Methamphetamine is an addictive stimulant drug. Although it has limited legitimate uses for treating obesity and narcolepsy, it is more often abused as a recreational drug. This drug has a high potential for abuse and addiction. Users and family members should be aware of methamphetamine addiction symptoms, so they can spot these issues when they occur and get help promptly. In 2005, the National Survey on Drug Use and Health (NSDUH) released their crystal meth statistics. Their survey noted that 10.4 million people 12 years old and over have tried crystal meth at least once in their lifetime. With use on the rise, anyone taking this drug should be aware of what to expect during methamphetamine detox and withdrawal.
Methamphetamine Addiction Symptoms
Meth produces a highly pleasurable feeling in the body, followed by feelings of depression and sadness when the drug wears off. Users will seek more of the drug to get back to the pleasurable state. This cycle quickly makes users dependent on the drug. Users also develop a tolerance to the drug, meaning that it takes more of the drug to get the same high. Methamphetamine addiction symptoms may include any or all of the following:
- Obsessive, fidgety behavior
- Constant, rambling conversation
- Frequent sweating
- Meth mouth (tooth decay, missing or broken teeth)
- Frequent sores and skin lesions that take a long time to heal
- Little or no appetite; weight loss
- A decline in grades or job performance
- Lack of sleep for up to a week at a time
- Frequent absence from work or school
- Dangerous sexual behavior
Although many of these symptoms may also signify another kind of drug abuse or underlying mental illness, do not wait to express concern if a loved one is showing any of these signs.
Symptoms of Methamphetamine Withdrawal
The primary step in methamphetamine addiction treatment is detoxification, the process by which the body rids itself of the drug. Because addicts are physically dependent on the drug, the body experiences withdrawal symptoms. Methamphetamine withdrawal symptoms are often both physical and psychological in nature. Users going through meth detox can expect any or all of the following symptoms:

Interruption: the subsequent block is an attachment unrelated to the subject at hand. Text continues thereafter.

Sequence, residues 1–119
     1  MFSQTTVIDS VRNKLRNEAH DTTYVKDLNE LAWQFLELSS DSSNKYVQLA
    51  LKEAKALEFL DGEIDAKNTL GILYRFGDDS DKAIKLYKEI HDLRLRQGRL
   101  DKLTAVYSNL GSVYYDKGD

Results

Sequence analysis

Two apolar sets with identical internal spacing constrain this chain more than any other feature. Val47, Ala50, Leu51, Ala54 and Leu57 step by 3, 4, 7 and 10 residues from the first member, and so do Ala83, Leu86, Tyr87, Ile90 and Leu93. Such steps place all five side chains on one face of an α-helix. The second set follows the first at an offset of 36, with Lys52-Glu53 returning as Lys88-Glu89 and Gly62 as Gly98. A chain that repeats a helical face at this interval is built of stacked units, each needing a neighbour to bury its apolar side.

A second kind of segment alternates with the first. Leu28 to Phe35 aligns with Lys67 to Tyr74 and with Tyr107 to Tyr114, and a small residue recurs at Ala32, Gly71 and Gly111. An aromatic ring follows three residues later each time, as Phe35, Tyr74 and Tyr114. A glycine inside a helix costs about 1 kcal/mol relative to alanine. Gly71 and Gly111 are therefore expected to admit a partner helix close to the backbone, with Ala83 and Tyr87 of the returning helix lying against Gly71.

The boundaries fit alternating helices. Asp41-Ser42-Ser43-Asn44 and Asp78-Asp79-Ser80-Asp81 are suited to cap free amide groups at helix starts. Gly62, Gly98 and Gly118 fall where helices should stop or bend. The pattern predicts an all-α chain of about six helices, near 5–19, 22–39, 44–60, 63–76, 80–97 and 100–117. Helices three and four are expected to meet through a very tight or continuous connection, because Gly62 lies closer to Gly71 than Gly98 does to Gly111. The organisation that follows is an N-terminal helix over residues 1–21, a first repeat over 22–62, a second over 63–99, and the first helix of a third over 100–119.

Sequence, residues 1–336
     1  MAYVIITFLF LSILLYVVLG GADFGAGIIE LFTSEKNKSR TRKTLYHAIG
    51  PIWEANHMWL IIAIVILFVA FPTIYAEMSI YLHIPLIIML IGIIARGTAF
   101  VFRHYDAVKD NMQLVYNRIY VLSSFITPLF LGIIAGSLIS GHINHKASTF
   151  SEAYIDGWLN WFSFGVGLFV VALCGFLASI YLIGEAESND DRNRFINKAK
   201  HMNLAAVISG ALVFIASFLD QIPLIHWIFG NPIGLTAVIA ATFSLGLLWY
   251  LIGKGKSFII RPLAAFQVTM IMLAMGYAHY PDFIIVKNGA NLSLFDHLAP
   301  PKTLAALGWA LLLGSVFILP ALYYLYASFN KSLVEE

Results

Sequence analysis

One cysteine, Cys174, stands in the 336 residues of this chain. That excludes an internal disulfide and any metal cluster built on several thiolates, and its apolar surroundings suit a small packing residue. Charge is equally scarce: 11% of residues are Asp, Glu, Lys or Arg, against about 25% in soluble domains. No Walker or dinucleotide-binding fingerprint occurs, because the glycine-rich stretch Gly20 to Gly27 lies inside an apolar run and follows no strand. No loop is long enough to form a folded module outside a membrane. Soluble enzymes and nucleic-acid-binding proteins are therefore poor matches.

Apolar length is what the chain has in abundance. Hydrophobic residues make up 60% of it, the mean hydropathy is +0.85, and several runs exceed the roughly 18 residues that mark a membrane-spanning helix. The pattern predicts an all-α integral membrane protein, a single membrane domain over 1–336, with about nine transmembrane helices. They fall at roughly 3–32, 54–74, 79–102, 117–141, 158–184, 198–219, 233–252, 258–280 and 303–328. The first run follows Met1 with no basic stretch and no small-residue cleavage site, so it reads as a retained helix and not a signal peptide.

- Intense cravings
- Excessive sleeping
- Suicidal ideation
- Increased appetite
These symptoms, although unpleasant, are not usually life-threatening and can be managed under the supervision of a doctor. Withdrawal symptoms generally begin within 24 to 48 hours of the last use of the drug. Symptoms may last for days or weeks, depending on the length and amount of use. Because of the sometimes intense nature of withdrawal symptoms, many addicts choose to enter a methamphetamine addiction treatment program where they can have support and medical supervision during the detox and withdrawal process.
Treatments for Meth Addiction
“Currently, the most effective methamphetamine addiction treatment is a comprehensive program of cognitive behavioral interventions.”Currently, the most effective methamphetamine addiction treatment is a comprehensive program of cognitive behavioral interventions. A combination of individual counseling, 12-step support, family education, behavioral therapy, and encouragement of non-drug-related activities is most often employed at methamphetamine withdrawal treatment facilities. Addicts have become used to coping with their problems by using the drug. A comprehensive plan of treatment will give addicts healthy coping mechanisms to replace the previously learned ones. Proper treatment can assist the addict with ways to return to a healthy lifestyle after experiencing methamphetamine addiction symptoms.
Residential detox centers are an effective start for addiction recovery, but they must be followed with a strong rehabilitation program. With a combination of rest, daily exercise, vitamins, therapy, and healthy nutrition, addicts are taught to replace bad habits with good ones while in rehab. Users can share and learn from others with similar experiences. It is essential that users have a comprehensive plan to address the mental and physical effects of methamphetamine addiction.
Importance of Long-Term Support
Methamphetamine detox is only the first step in treating methamphetamine addiction symptoms. Without regular, long-term treatment, many users will return to abusing the drug. Treatment may be provided on an inpatient or outpatient basis. Each person is different, and having a treatment plan tailored to his or her specific situation increases the chances of a good outcome. Support groups such as Narcotics Anonymous can be helpful to some people going through a meth addiction, and supportive family and friends increase the chances of a successful recovery.
According to the SAMHSA, the rate of substance abuse treatment admissions for primary methamphetamine/amphetamine abuse increased from 13 admissions per 100,000 in 1993 to 56 admissions per 100,000 in 2003, for patients ages 12 or older. There are many treatment options available that can be tailored to your specific situation. Methamphetamine addiction treatment is not something to try to do alone. Medically supervised treatment drastically increases the chances of successfully quitting the drug.